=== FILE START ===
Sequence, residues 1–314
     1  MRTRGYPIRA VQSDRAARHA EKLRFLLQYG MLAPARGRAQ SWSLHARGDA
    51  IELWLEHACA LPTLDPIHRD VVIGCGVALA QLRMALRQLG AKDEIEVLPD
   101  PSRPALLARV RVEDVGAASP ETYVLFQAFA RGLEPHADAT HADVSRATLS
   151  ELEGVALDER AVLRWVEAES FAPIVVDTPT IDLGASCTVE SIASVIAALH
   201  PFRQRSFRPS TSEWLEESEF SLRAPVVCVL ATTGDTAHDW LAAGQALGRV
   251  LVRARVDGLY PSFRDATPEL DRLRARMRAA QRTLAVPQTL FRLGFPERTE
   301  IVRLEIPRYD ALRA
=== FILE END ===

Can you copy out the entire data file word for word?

Sequence, residues 1–314
     1  MRTRGYPIRA VQSDRAARHA EKLRFLLQYG MLAPARGRAQ SWSLHARGDA
    51  IELWLEHACA LPTLDPIHRD VVIGCGVALA QLRMALRQLG AKDEIEVLPD
   101  PSRPALLARV RVEDVGAASP ETYVLFQAFA RGLEPHADAT HADVSRATLS
   151  ELEGVALDER AVLRWVEAES FAPIVVDTPT IDLGASCTVE SIASVIAALH
   201  PFRQRSFRPS TSEWLEESEF SLRAPVVCVL ATTGDTAHDW LAAGQALGRV
   251  LVRARVDGLY PSFRDATPEL DRLRARMRAA QRTLAVPQTL FRLGFPERTE
   301  IVRLEIPRYD ALRA